Aerosol Measurement: Principles, Techniques, and Applications. Second Edition, PA Baron, K Willeke, eds., New York: John Wiley and Sons, Inc., 2001 Sep; :627-666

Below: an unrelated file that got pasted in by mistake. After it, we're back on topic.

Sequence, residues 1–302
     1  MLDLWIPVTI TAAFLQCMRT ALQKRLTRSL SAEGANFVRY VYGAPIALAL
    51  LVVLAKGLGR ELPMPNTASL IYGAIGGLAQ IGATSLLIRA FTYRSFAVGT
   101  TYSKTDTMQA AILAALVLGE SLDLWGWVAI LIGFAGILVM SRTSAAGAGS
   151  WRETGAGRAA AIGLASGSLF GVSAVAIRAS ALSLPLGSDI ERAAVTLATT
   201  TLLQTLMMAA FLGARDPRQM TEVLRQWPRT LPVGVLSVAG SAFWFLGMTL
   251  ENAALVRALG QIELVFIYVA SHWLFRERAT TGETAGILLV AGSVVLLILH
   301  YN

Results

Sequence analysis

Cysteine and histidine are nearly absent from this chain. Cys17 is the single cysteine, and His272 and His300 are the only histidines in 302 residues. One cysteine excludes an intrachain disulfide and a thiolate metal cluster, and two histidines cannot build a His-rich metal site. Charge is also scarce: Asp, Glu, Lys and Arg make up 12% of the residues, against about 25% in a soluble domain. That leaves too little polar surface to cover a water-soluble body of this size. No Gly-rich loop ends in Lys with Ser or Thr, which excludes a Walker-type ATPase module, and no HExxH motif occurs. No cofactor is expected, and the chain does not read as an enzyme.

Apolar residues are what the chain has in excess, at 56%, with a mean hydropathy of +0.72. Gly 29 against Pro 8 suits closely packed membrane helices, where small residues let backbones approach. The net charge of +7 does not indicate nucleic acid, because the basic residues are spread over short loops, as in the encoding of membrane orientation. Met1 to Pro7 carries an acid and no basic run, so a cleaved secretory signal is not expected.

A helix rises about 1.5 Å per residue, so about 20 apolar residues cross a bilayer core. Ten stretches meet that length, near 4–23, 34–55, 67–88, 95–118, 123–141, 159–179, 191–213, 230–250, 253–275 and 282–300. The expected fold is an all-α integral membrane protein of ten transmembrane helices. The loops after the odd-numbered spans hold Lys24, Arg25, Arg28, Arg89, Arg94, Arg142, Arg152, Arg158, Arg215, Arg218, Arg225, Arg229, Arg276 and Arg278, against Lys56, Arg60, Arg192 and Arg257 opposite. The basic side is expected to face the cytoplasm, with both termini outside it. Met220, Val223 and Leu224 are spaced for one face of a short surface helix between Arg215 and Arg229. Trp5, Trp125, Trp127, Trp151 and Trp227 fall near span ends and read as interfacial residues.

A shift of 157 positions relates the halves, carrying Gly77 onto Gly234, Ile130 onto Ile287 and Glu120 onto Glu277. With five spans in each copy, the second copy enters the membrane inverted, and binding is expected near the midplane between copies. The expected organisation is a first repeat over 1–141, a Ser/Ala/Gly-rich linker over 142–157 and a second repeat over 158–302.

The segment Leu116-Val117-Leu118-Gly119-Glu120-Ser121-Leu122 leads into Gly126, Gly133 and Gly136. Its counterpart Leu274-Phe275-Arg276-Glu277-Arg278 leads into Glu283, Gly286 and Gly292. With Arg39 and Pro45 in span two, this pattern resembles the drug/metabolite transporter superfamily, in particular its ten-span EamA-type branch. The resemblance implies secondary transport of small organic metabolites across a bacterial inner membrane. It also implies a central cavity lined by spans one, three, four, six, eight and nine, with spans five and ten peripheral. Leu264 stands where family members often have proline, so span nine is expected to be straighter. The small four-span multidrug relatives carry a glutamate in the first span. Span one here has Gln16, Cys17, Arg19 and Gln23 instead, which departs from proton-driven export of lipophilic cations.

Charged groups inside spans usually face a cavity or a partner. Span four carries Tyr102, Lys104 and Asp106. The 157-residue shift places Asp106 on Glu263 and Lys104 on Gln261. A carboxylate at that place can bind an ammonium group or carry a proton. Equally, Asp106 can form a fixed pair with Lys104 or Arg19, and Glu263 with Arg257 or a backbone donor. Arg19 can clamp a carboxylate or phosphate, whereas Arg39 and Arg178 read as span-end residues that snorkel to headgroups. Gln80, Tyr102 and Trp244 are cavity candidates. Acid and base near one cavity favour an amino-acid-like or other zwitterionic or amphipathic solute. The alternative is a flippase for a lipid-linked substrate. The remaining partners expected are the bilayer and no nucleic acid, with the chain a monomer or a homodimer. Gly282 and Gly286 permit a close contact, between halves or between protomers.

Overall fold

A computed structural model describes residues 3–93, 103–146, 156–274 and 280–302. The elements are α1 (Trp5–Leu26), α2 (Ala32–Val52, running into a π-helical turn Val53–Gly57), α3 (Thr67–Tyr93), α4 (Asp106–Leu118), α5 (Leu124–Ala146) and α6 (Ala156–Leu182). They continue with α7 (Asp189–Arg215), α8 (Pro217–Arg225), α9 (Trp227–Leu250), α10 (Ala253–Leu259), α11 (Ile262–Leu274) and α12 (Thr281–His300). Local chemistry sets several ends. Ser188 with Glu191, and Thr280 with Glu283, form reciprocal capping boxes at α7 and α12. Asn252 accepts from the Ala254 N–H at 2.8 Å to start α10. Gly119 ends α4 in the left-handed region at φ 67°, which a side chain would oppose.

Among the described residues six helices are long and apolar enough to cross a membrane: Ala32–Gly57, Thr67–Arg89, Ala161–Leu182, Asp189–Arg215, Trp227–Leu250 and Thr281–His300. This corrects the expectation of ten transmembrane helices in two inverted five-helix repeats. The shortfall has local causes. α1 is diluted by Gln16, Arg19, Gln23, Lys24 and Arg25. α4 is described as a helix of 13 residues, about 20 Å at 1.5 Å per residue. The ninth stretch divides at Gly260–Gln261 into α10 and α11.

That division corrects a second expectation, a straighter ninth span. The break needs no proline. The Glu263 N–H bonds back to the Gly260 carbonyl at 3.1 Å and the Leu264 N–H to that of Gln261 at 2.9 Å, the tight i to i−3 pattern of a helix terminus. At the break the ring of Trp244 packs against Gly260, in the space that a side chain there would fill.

Most knowledge concerning aerosol properties has been obtained by experimental means using aerosol instruments. These instruments can be categorized as (1) collection devices such as cascade impactors, Aitken-type condensation nuclei counters, or filter samplers, which are designed to remove particles from gas streams to obtain samples for analysis; and (2) real-time, direct-reading instruments, such as an optical particle counter, photoelectric condensation nuclei counter, or a photometer. Ideally, instrument response can be theoretically computed based on equations and procedures described in the previous chapters. However, practical considerations, such as compactness, portability of the instrument, and convenience of operation, may influence the design of the instrument. Theoretical prediction of instrument response based on ideal conditions may not be fulfilled. For example, although 50% effective cutoff diameters and collection efficiencies for an impactor stage can be computed, the phenomena of particle bounce, re-entrainment, electrostatic charge effects, and wall losses can modify performance (Rao and Whitby, 1978; Cheng and Yeh, 1979). Therefore, experimental calibration is essential.